Flying To America

Flying To America Flying to the US.

Following the 10 August 2006 terrorist plot in the UK, the majority of airports have brought in strict new security rules regarding the carrying of liquids/gels/pastes in hand-luggage.

If you were planning on taking Auntie Marge in New Hampshire her favourite bottle of your home-made elderberry wine, make sure you wrap it up well and check it in. You won’t be able to stick it in your hand-luggage. If you think on a long haul flight that you can’t be without the 200ml bottle of Chanel you got at Christmas well, you’ll have to be (even if it’s half empty). The norm now is that passengers will not be allowed to get onto a plane with more than 100ml of any single liquid or gel, which must be presented at security in a sealable transparent bag. That final security check may be after check-in, or may not be until you reach the gate…but it will happen. Anything above that 100ml will be confiscated.

This does not mean that you can’t buy duty-free, but be VERY careful. If you are travelling into the US and have purchased duty free at your departure point, but your first airport stop is not your final destination (eg you have flown into Newark and are then travelling down into Florida), your duty free will be confiscated (as will any fragrances over 100ml). It doesn’t matter if it’s the most expensive and exclusive Cognac, it will be taken away. It won’t matter how much you scream and shout.

The EU is working hard to reach an agreement for transiting travellers within the US and within the EU, but at the time of writing nothing had been agreed. The rules are not just applicable to the US. If you were travelling to the US from, say, India – transiting through London and then flying onto the US, you would also have any duty free purchased at your departure airport confiscated in London.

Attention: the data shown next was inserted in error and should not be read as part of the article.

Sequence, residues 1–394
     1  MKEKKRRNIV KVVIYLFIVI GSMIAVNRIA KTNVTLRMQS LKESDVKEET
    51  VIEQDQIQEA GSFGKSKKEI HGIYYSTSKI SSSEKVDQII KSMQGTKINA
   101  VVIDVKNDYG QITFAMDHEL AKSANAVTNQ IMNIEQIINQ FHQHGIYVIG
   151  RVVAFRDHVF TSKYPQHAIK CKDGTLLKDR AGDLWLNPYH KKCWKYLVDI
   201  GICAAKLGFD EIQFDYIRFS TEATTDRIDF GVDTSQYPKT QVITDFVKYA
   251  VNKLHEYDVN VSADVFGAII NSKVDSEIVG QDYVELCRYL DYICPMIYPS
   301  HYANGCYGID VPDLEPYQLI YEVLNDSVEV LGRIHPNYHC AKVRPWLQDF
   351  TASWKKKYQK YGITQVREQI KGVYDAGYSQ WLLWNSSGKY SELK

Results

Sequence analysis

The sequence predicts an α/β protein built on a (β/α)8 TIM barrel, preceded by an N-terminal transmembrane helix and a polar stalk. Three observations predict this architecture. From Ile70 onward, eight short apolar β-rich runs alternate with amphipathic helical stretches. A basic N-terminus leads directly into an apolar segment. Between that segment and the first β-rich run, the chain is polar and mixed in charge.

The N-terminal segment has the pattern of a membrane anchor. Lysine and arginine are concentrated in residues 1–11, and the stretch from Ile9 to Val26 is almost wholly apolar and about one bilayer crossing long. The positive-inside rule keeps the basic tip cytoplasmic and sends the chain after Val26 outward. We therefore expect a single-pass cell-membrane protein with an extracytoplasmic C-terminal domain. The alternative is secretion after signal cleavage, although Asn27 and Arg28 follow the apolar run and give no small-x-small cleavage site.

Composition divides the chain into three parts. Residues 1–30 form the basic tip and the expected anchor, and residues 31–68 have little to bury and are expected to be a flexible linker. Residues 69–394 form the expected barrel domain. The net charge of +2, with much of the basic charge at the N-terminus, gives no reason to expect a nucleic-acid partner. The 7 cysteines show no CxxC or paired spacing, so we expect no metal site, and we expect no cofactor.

Currently, transferring within the EU is ok (eg if you were flying from London to Paris and then on to Hamburg) It’s all based on the security bags that the duty free goods are placed in – called STEBS and how secure they are deemed to be. The EU is working hard to approve applying third countries, but not all are interested in complying with EU wishes.

Now, if you have come from Singapore and are transferring within the EU you will also be able to hang on to your duty free. But fly from Singapore and then transfer within the US – no go. Other third countries are also set to be accepted by the EU (but not necessarily the US) this year. And there are other rules between other countries; Australia is being particularly strict. It’s extremely complicated and confusing. So the advice is: pack as many essential liquids as you are going to need on your travels and check them in – or buy them once you get there. Check before you buy any duty free, especially if you are transiting within the EU or within the US. Currently there are still thousands of litres of booze being confiscated daily, which is no fun for anyone.

There may be exemptions if you have to carry essential medical supplies. Again, the best advice is to check with your airline before you go again, especially if you will be transiting.

There are associations working very hard to try and alleviate these problems for travellers (and the suppliers of the goods being confiscated), so the best thing is to check and double check before you lose goods and money. The 100ml rule, however, is not likely to change in the foreseeable future….liquid explosives just pose too big a threat.